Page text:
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Monday, December 2 12:00 AM EST

Movie Review: Solaris

By Enzo Laszlo, Movie Guru

Reviewinator

Starring George Clooney
Natascha McElhone
Director Steven Soderbergh
Official Site Link
US Opening 11/27/2002
Rated PG-13
Genre Sci-Fi (?)/Drama
See Movie? Yes, but beware, its a thinker.

Most films nowadays have one purpose in mind: brainless, irresponsible, leave-your-worries-at-the-door fun. Such films flood the market each and every Friday for fifty-two weeks a year. From time to time a variant organism sprouts in this field of mindless entertainment: the oft-dreaded thinking film.  For many, however, the thinking film is a rare and fascinating creation. It is an unexpected challenge, a living maze of thought with the entrances and exits overgrown, its victims still wandering aimlessly within its walls.  Steven Soderbergh's film Solaris is just such a conniving organism.  It is a Kubrickian Venus Flytrap... seducing us with its promise and ensnaring us in our own contemplation.  Its touch and its scent linger in afterthought long after the curtain draws closed and its audience is loosed back into the wild.  For audiences such as myself, the experience is a welcome change.

Solaris is the story of psychotherapist Chris Kelvin (George Clooney), still drowning in the aftermath of his wife's death years after the fact.  Called to a space station orbiting the planet Solaris, Kelvin discovers only two surviving crew members: a paranoid team leader (Viola Davis) and a jittery, scatterbrained engineer (Jeremy Davies, playing yet another character with psychological issues).  Both warn Kelvin of the phenomena which claimed the other crew members yet the good doctor remains characteristically skeptical... until the morning he wakes up with his late wife (played with a precise balance of invigoration and dislocation by Ronin's Natascha McElhone) sleeping beside him.  What follows in Solaris are forcible moments of introspection, denial, sorrow, and regret... the presentation of questions which cannot be answered, only faced.  Kelvin is forced to face his past, the decisions he made in that past, and the seductive possibilities of carving a new path from ethereal memories made disturbingly whole again.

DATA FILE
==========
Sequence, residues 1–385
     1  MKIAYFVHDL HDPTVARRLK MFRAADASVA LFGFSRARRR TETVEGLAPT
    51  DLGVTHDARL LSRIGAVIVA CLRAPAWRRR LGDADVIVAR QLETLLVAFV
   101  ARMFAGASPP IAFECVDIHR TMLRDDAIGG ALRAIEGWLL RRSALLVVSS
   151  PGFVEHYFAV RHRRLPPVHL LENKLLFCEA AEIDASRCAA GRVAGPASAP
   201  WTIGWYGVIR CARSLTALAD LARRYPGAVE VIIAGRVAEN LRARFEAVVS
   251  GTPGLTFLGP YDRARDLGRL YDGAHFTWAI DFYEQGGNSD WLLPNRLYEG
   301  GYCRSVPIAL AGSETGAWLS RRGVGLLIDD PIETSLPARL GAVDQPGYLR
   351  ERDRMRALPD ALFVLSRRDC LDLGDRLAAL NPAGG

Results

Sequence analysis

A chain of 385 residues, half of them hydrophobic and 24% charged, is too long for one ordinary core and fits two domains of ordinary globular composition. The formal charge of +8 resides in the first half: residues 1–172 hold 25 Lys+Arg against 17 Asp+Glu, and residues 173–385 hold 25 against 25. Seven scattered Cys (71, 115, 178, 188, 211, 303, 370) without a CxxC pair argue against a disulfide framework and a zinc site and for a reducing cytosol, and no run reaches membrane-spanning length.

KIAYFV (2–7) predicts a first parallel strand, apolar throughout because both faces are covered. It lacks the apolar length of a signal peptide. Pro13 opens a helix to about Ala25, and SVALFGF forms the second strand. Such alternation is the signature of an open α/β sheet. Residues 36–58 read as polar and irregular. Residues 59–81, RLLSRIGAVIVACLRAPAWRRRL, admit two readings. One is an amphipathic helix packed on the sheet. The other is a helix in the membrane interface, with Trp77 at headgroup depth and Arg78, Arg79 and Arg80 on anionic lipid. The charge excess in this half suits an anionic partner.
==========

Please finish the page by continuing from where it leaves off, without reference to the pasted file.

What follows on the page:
Despite its cosmic setting and its deeply convincing construction of earth in the future, Solaris is NOT a science-fiction film.  While sci-fi may serve as the ovum for its conception, the film itself lies not in what will be but what has been.  Its is a genre pulled inside out, its innards revealed to be not those of salivating alien creatures but of something deeply and hauntingly human.  Existing on a plane previously occupied by films such as American Beauty and Donnie Darko, that almost unclassifiable genre of introspection, Solaris is in no way representative.  Whereas common films offer a re-envisioning of what exists in our world, these films offer us an untainted mirror then quietly walk away, leaving us to our own constructs.  Anyone watching Solaris looking for answers or signposts pointing this way or that are looking in the wrong place.  The film is often confusing, and the true nature of the planet Solaris could definitely be called into question, as could the film's open ending.  But ultimately this lack of answers and a concrete ending are less of a detriment than they are a defining characteristic. For Solaris to have a solid ending, happy or sad, would be to betray its own nature and offer us something tangible that we should ultimately be discovering for ourselves.